Maruti Suzuki, which sells every second car in the domestic market, has revised its annual volume growth forecast to 8 per cent. The Suzuki-owned company has been logging a double-digit growth rate for four consecutive years. It had set a growth target in excess of 10 per cent for FY19.
The country's most valuable automaker has reported a flat growth in volumes for five consecutive months of the year, beginning July. The company's volume has grown by 7.4 per cent in the first eight months of the year to 1.77 million units. December is expected to see a marginal decline as the company's plants will remain shut for maintenance during the last four days of the month.
R S Kalsi, senior executive director (sales and marketing) at Maruti Suzuki, said the company was expecting growth of 5-6 per cent in the last quarter of FY19 and that might help the company close the year with a growth rate of 8 per cent. "We will strive for double-digit growth but, given the external environment, it looks difficult," he said.
The company attributed this slowing of demand and revision of forecast to a combination of factors including high interest rates, increased insurance cost and firm fuel prices. It said there was no new model launch in the volume segment. The company managed to clock a double-digit growth for four consecutive years with the launch of blockbuster models such as the Baleno, the Brezza, and the new Dzire. In FY18, its volumes had expanded by 13.4 per cent to 1.77 million units. If it had managed to grow at a pace similar in FY19, it could have achieved a milestone of 2 million units in annual sales, ahead of 2020.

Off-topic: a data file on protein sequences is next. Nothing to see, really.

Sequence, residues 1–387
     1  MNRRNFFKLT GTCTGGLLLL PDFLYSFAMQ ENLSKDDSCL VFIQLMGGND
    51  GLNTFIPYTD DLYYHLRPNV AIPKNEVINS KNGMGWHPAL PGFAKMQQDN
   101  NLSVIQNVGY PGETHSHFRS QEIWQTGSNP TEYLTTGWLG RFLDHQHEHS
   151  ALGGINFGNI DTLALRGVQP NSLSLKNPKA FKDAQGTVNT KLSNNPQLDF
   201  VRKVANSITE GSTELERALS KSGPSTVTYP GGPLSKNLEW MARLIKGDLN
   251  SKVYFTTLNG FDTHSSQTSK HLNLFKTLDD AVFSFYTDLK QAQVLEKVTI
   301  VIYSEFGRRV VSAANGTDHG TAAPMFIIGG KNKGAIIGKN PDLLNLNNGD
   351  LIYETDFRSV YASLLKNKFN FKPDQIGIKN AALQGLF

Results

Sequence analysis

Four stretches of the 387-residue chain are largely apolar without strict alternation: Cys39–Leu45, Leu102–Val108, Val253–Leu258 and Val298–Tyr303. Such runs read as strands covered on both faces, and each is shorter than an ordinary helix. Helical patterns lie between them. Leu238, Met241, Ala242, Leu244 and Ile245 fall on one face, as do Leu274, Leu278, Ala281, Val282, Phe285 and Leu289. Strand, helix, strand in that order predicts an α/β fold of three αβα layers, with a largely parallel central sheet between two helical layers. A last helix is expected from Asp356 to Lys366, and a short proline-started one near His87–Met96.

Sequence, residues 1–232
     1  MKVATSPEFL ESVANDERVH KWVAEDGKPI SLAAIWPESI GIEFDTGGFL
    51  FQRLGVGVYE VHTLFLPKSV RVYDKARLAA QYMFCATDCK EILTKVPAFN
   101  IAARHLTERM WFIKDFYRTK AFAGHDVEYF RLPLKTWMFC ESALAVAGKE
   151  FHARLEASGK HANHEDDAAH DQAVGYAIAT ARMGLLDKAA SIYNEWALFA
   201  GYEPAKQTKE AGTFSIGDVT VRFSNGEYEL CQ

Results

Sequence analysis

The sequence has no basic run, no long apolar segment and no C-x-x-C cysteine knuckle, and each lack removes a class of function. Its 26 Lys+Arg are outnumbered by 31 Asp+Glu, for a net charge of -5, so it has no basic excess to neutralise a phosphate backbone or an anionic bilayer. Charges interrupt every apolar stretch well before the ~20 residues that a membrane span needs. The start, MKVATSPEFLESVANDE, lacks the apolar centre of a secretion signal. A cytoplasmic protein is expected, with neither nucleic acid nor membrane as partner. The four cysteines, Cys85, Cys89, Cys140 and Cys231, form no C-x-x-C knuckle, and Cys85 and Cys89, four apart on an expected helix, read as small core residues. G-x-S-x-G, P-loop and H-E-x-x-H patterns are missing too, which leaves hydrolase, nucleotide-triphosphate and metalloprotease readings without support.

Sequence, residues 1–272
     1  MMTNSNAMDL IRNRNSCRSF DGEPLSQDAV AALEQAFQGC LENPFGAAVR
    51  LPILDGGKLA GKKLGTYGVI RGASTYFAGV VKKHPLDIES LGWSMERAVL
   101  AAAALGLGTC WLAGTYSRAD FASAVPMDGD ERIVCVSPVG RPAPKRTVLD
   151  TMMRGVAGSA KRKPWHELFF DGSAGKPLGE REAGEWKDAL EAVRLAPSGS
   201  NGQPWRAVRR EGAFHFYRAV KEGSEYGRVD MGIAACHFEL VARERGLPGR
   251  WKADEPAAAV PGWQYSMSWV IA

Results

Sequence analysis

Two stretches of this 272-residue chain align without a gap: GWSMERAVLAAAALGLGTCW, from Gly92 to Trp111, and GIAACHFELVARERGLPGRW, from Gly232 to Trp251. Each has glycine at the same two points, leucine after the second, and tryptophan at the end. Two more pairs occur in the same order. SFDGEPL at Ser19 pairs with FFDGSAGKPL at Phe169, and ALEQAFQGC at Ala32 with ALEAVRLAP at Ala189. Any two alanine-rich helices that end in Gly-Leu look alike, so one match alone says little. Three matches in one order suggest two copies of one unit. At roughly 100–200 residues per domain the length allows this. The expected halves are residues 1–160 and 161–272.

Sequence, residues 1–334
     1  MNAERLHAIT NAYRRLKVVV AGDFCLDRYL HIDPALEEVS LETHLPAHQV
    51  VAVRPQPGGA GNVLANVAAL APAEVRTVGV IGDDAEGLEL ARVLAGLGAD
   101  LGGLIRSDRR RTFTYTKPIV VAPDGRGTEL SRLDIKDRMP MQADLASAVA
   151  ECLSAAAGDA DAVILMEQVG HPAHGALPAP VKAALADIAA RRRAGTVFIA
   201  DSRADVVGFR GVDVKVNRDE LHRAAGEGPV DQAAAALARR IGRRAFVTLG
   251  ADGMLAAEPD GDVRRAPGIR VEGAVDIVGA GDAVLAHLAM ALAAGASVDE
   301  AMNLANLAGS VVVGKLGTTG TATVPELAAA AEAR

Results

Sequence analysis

A slowing growth rate at Maruti Suzuki is a worry for the overall industry growth, since the carmaker commands a share of 52 per cent in the domestic market.
Even with a growth rate of 7.4 per cent, the company's growth is ahead of the industry's 4.9 per cent expansion during the April-November period.
A slowing retail demand has left dealers saddled with unusually high inventory levels, triggering heavy discounts to clear stocks. Chairman R C Bhargava said, "We have aggressive retail sales target for December. We expect to achieve that target. So, inventory at the beginning of January will be at low levels. We will also launch a new model in the next quarter, which will help reverse the trend and push volumes."
Bhargava said the company would stop the production of most BSIV vehicles ahead of the April 2020 deadline. "Our plan is to introduce only BSVI-compliant models starting the next financial year. Production of a majority of the existing BSIV models will come to a halt by December 2019. BSIV vehicles will be produced only on demand from customers from December 2019, or if the company feels that it can manage the time of distribution and registration of such vehicles ahead of the deadline," he said.
The Supreme Court has maintained that the sale and registration of BSIV vehicles will stop after March 31, 2020.